In a paper published in Conservation Letters, researchers from the University of Kent's Durrell Institute of Conservation and Ecology (DICE) argue that despite record levels of funding being invested in enforcement and anti-poaching measures, many species are already on the path of extinction and bold strategies are needed to protect them.
Co-authors Dan Challender and Professor Douglas MacMillan call for resources to be directed to a broader range of long-term conservation strategies, which go beyond regulation and intensifying enforcement effort, to conserve high-value species such as the African elephant, tiger and pangolins.
The paper also provides evidence that regulatory approaches are being overwhelmed by the drivers of poaching and trade, with enforcement of trade controls, including those agreed through CITES - the Convention of International Trade in Endangered Species - attracting organised criminals who have the capacity to operate even under increased enforcement effort.
Dan Challender of DICE, Co-author of the paper, said: 'In the immediate future we should incentivise and build capacity within local communities to conserve wildlife. Current enforcement measures are proving unsuccessful and more needs to be done to bring local communities, which live in close proximity to the species on-board, by rewarding them for conserving wildlife. When their children are hungry and cannot afford to go to school then saving pangolins seems much less of a priority to them.'
Professor MacMillan adds: 'In the longer term we should look to establish legal and sustainable trade in many species threatened by poaching using tax revenues from such trade to fund species conservation efforts.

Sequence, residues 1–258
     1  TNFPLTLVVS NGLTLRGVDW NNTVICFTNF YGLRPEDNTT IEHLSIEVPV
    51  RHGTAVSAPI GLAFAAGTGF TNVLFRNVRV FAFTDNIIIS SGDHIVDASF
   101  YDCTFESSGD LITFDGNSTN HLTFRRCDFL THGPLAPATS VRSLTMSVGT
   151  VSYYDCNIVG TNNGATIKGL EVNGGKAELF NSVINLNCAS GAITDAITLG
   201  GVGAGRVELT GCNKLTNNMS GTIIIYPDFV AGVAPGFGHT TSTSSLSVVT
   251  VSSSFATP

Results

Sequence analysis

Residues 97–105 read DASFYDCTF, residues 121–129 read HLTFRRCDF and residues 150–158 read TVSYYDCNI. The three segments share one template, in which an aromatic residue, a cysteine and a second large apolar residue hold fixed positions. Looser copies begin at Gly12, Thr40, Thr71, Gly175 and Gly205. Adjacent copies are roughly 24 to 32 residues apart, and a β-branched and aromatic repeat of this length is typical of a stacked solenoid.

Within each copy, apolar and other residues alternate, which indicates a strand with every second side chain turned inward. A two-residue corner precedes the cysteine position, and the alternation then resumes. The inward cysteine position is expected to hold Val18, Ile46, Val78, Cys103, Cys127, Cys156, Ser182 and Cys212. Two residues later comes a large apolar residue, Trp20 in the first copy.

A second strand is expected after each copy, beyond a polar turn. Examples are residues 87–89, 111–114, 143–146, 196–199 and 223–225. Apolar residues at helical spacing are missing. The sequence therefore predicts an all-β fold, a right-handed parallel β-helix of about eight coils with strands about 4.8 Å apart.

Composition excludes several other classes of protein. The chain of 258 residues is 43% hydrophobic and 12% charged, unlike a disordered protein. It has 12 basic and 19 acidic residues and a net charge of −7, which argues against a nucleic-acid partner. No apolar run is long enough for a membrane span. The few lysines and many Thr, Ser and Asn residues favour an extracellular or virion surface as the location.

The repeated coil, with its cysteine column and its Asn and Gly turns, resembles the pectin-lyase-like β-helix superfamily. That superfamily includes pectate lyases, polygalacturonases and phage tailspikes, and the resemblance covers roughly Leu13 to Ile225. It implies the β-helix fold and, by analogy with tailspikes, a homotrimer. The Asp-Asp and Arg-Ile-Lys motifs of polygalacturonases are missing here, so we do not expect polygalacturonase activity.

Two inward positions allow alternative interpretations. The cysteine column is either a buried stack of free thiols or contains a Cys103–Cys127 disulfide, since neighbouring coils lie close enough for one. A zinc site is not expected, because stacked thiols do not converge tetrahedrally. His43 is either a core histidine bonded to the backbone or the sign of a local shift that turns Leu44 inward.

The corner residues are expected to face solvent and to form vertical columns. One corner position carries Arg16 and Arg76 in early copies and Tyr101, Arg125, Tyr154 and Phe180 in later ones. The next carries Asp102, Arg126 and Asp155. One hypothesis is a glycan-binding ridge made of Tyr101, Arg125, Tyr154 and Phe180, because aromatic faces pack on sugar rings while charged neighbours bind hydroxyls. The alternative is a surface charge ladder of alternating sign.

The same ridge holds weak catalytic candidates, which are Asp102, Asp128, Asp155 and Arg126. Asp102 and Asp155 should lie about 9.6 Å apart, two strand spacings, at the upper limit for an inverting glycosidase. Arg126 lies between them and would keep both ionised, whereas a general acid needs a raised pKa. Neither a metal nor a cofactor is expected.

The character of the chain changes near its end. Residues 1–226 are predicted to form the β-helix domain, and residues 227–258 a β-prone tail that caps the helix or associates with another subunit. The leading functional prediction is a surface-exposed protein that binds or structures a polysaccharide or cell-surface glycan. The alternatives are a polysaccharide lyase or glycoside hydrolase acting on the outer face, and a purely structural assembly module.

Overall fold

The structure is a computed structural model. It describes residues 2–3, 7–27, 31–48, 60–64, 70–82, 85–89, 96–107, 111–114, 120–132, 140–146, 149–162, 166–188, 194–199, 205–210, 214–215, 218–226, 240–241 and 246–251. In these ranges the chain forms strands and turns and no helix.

'We also need to take the pressure off wild populations by investing in supply approaches such as ranching and wildlife farming which could lower the incentive to poach. Likewise, we need to reduce demand through social marketing programmes, though further research into wildlife consumption is needed to inform such programmes.'
'Poaching is more than an enforcement problem' (D.Challender and D.MacMillan) is published in Conservation Letters and is available at: http://onlinelibrary.wiley.com/doi/10.1111/conl.12082/abstract.
DICE is part of the University's School of Anthropology and Conservation.
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The University of Kent - the UK's European university - was established at Canterbury in 1965. It has almost 20,000 students and operates campuses or study centres at Canterbury, Medway, Tonbridge, Brussels, Paris, Athens and Rome. It has long-standing partnerships with more than 100 major European universities and many others across the world, including institutions in Argentina, China, Japan, USA, Canada, Malaysia and Peru.
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In the 2008 Research Assessment Exercise, Kent placed 24th out of 159 participating institutions in the UK for its world-leading research, while 97% of its academic staff work in schools or centres where the research is rated as either internationally or nationally excellent.
It is worth £0.6 billion to the economy of the South East, with its students contributing £211 million to that total. The University also supports directly or indirectly almost 6,800 jobs in the South East (source: Viewforth Consulting, 2009-10).
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